However, white neighbors, fearing a reduction in property values, along with the KKK and city officials terrorized the owners and forced the resort to close. The property remained vacant for three decades. (For those familiar with the history of South Africa, this is quite similar to the District 6 legacy under apartheid in Cape Town.) This had a very deleterious effect on the family and the Black community in general. However, it is but a microcosm of how marginalized racial groups are forced into socioeconomically disadvantaged communities with hazardous environments that in turn lead to:

    • Higher infant mortality rates
    • Increased exposure to environmental pollutants
    • Increased crime, homicides and incarceration
    • Increased risk of chronic diseases and decreased longevity

    As a result, these communities have fewer financial resources for health care infrastructure which can lead to:

    • Lower quality and smaller number of health care facilities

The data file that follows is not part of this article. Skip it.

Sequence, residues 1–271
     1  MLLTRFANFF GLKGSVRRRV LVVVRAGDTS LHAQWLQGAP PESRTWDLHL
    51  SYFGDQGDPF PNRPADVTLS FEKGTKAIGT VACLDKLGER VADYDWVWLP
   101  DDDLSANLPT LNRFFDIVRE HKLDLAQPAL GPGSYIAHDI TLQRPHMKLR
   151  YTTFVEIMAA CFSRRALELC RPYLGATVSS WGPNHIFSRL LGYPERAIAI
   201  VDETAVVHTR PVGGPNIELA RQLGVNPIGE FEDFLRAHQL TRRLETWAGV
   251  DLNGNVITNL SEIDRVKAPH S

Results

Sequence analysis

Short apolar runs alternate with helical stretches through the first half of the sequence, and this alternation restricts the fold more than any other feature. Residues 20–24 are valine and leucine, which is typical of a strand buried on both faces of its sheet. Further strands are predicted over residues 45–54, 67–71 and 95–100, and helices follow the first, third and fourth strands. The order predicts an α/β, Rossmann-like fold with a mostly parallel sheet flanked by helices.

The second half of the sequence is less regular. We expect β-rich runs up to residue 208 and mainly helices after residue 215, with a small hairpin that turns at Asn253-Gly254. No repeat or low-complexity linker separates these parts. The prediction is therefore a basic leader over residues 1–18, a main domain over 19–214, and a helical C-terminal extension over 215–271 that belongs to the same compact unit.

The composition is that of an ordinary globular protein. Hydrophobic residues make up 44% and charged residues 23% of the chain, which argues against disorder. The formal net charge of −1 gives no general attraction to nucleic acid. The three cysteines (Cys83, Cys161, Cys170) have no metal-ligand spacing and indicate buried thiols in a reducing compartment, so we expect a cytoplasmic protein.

• Difficulty in recruiting qualified and expert providers
    • Poor access to care
    • Underutilization of health care facilities and providers

    A contemporary example may be seen with regard to the COVID-19 pandemic and the fact that hospitalization and death rates are markedly higher in communities of color, whereas vaccination rates are substantially lower.

    The following table further illustrates socioeconomic impacts on health, life quality and longevity:

     
    Table 1. Socioeconomic and associated health related data by race. (From: Bailey ZD, Krieger N, Agénor M, Graves J, Linos N, Bassett MT. Structural racism and health inequities in the USA: evidence and interventions. Lancet. 2017 Apr 8;389(10077):1453-1463.

    It is obvious that for the majority of health-related concerns reported in Table 1, the Black non-Hispanic community suffers the greatest inequities, particularly when compared with Asian and White non-Hispanic groups. It is interesting to speculate on the significantly higher number of medically uninsured in the Hispanic population, but that could be reflective of a higher proportion of undocumented aliens for that ethnicity.